Rep. Joaquin Castro, D-Texas, announced he is launching an investigation surrounding Secretary of State Mike Pompeo’s speech at the Republican National Convention. Pompeo’s speech is set to be broadcast during Tuesday’s portion of the RNC.
Castro wants to probe whether the speech violates both the Hatch Act and State Department rules.
The Hatch Act is intended to limit political activities by executive branch employees other than the president and vice president. While violating the Hatch Act is not criminal, there are potential civil fines for violations. The act also calls for violators of the act to be reprimanded or terminated from their positions if found in violation.
But in the past, the Trump administration has not acted on violations of the Hatch Act. Most notably, the Office of the Special Counsel recommended that Trump aide Kellyanne Conway be removed from her White House post after allegedly violating the act multiple times.
Pompeo is delivering his remarks during an official trip to Israel.
“The Trump administration and Secretary Pompeo have shown a gross disregard not only of basic ethics, but also a blatant willingness to violate federal law for political gain. Congress has a responsibility to stand up for the rule of law and hold them accountable for this corrupt behavior,” said Castro. “It’s absolutely unacceptable that a sitting U.S. Secretary of State, America’s top diplomat, would use official taxpayer-funded business to participate in a political party convention, particularly after the State Department published guidance that explicitly prohibits such activity.”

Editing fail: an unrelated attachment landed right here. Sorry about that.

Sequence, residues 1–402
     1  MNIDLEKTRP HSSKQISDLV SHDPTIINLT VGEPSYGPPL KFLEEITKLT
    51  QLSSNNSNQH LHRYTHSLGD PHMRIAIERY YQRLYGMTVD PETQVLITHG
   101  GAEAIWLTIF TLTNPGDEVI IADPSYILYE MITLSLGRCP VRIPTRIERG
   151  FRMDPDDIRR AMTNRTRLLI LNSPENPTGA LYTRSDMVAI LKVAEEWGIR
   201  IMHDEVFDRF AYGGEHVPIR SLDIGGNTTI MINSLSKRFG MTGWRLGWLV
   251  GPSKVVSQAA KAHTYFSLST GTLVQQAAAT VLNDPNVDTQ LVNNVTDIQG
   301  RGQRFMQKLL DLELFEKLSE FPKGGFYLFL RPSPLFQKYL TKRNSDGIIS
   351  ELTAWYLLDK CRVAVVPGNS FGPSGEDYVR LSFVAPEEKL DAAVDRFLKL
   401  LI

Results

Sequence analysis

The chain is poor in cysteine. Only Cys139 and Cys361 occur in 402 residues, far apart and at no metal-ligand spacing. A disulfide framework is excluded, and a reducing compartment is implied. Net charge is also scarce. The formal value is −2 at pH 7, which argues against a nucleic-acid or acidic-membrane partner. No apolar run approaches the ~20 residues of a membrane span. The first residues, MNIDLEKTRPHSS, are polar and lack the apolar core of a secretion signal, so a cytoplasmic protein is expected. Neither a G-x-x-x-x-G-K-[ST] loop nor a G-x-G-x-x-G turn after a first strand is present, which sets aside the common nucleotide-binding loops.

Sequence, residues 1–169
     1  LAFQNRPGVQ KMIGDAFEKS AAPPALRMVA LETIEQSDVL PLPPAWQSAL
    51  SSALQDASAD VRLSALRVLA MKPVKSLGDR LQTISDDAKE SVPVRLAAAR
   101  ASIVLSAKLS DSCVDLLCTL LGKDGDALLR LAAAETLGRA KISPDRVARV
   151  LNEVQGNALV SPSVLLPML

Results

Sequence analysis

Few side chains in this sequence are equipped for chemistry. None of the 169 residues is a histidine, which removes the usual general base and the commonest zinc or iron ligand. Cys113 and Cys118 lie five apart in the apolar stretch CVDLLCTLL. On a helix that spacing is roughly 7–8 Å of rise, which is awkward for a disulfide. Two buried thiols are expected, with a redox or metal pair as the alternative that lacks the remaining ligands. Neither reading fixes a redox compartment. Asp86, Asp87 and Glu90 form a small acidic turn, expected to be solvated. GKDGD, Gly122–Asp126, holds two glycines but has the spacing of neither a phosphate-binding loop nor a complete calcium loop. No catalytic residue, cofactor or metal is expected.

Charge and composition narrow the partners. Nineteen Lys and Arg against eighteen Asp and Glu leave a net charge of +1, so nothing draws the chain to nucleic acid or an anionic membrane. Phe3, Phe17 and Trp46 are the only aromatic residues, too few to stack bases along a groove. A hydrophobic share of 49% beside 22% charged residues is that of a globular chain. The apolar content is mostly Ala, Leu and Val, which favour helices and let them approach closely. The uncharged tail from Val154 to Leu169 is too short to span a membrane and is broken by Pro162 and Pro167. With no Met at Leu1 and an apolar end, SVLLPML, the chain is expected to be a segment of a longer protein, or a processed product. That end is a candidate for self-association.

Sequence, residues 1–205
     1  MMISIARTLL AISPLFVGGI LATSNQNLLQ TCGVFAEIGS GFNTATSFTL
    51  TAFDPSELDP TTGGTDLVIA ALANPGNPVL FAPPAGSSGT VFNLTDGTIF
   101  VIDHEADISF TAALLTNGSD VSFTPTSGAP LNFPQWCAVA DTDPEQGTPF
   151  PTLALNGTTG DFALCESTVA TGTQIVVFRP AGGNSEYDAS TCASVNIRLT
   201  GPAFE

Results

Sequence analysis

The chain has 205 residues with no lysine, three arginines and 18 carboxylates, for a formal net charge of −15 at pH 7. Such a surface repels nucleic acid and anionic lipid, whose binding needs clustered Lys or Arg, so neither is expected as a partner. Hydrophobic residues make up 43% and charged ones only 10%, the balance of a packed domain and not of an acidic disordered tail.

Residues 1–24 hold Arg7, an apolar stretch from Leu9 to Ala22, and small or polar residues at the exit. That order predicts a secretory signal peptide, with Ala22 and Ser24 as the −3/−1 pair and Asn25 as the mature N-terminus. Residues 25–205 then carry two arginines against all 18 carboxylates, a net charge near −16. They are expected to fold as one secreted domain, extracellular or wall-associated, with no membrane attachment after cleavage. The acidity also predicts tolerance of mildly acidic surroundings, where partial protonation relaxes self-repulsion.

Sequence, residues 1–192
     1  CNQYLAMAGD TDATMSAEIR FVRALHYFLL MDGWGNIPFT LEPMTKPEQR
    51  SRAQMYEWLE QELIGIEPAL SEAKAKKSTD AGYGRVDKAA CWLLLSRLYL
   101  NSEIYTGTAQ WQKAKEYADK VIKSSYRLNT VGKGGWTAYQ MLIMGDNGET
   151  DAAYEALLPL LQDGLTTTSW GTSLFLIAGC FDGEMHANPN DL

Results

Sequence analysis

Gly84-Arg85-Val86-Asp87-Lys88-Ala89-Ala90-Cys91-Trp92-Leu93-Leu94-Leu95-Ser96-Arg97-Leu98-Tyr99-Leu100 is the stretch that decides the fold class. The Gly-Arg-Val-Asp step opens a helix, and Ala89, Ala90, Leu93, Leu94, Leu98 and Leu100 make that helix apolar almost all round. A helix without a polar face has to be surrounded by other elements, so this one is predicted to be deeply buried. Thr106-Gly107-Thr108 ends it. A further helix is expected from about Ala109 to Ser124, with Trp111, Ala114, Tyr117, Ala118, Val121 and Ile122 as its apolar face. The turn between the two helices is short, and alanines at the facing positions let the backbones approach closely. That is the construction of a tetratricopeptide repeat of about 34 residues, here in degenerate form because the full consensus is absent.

Sources told CNN that White House, State Department, RNC and Pompeo’s personal lawyers all signed off on the speech. CNN also reported that the State Department claimed that no taxpayer funds were used by Pompeo to deliver the speech.
While there are concerns that having Trump administration officials participate in political activities is toeing what’s legal under federal law, it is certainly unprecedented. There has not been an active secretary of state in recent times who has held a speaking role at a political convention.
ABC News reported that then Secretary of State Colin Powell would not participate in the 2004 Republican National Convention due to ethics concerns.
“As secretary of state, I am obliged not to participate in any way, shape, fashion, or form in parochial, political debates. I have to take no sides in the matter," Powell said, according to ABC News.